Which the Vietnamese did, leading to over a century of some of the most inept, ineffectual colonial rule the world has ever witnessed. I mean, let’s face it: at least when the British took over a country, they built roads and railways and impressed upon their subjects the necessity of hyphenated names and gin and tonics before dinner. All the French gave the Vietnamese, on the other hand, was a sloppy way of kissing and a taste for crusty bread.
All of which seems rather funny, of course, if you can ignore the fact that millions of Vietnamese people starved to death under France’s inhumane, bestial, and just flat-out stupid policies.
Who then, can argue with Ho Chi Minh’s efforts to free his people—or, for that matter, with his firm belief in communism?
Having thus killed any hopes I might have of ever holding political office, even in the state of Minnesota (sorry Al: you’re on your own), allow me to go a step further and point out that, relative to Johnson and Nixon at least, Ho Chi Minh was a formidable foe, if for no other reason than that he was kind of cuddly.
Okay, well maybe not cuddly exactly, but definitely affable. In every picture you see of him, he’s got this tiny little grin at the corner of his lips, as though he’s really really pleased to be hanging out with you.
Compare that to Lyndon Johnson who, let’s admit it, looks like someone stuck a nose on a prune and painted it pink. Or Nixon, who looks like the uncle you try not to be left alone with for too long at Christmas.
Strolling past Ho Chi Minh’s slippered feet (one more sign of his dedication to his people), up his left side, and out into the balmy Hanoi morning, you consider all of this. All in all, it’s a sombering experience, albeit in a relatively pleasant way.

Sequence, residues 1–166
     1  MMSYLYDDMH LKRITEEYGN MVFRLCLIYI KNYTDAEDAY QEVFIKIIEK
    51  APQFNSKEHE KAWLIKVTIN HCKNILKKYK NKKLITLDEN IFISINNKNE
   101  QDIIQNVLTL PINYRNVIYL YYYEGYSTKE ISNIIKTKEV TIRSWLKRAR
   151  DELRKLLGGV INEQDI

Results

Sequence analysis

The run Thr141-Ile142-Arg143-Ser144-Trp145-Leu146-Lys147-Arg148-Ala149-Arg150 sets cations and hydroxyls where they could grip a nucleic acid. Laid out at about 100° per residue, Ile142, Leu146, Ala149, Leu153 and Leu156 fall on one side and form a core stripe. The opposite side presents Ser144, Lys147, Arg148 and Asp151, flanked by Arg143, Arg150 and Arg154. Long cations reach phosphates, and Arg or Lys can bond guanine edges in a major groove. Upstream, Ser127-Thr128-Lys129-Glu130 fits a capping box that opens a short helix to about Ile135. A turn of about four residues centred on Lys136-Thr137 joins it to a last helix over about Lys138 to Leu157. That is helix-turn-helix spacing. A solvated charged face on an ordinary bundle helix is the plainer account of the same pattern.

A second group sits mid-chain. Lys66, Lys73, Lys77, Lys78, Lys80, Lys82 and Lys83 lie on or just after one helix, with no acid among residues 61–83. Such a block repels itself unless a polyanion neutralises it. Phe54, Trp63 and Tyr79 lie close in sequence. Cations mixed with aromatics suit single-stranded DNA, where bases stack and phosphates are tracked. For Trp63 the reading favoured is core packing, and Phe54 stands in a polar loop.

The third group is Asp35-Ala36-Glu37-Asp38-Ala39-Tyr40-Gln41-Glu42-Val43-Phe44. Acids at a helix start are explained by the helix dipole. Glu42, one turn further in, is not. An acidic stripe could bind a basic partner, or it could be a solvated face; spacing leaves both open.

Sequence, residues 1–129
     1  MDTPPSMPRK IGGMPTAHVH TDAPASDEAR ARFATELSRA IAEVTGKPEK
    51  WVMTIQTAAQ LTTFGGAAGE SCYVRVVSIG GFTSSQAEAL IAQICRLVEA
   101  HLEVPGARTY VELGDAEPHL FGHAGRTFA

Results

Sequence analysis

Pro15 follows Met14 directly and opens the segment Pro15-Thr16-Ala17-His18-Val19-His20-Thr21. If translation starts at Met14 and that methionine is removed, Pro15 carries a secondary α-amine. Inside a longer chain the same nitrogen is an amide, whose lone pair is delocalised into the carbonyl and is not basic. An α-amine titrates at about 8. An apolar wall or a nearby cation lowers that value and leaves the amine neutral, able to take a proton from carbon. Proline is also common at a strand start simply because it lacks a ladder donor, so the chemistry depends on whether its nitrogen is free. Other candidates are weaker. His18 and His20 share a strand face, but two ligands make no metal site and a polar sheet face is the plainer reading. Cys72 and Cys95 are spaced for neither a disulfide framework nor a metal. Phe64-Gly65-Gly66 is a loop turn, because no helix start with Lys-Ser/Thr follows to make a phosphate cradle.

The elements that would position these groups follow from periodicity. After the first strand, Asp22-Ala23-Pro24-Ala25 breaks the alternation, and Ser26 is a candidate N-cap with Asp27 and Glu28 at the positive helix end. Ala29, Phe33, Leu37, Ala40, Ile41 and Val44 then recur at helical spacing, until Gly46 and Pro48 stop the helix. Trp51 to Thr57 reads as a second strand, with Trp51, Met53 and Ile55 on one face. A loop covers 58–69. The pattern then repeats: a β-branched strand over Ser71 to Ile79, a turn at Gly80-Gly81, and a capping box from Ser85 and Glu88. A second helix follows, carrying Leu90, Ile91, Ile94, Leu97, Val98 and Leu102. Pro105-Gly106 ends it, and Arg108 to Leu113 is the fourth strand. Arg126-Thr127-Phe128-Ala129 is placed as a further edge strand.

What strikes you most though, are the guards standing attention around Ho’s body.
Let me explain: back in the ‘80s, when I viewed Lenin’s similarly embalmed and enshrined body—the opening act of my three-decade long, “Dead Communist Rulers” Tour (sponsored by Wrangler Jeans)—I was less struck by the guards than intimidated by them. They looked like cold-war guards, the kind of guys who would toss you in a Gulag or break your jaw just for breathing out of the wrong nostril in the presence of Uncle Vladimir (talk about cuddly). They stood ramrod straight, their bayonets gleamed in the cold light, their jaws were set like something out of Dudley Do-Right. They meant business.
The guards around Ho Chi Minh also stand iron-bar straight; their bayonets also gleam and their spats are also spotless. There’s a qualitative difference, though, that’s hard to explain, all the more so since his mausoleum is essentially modeled after Lenin’s. In the end though, the whole atmosphere around Ho seems just a touch less austere, a tad less distant.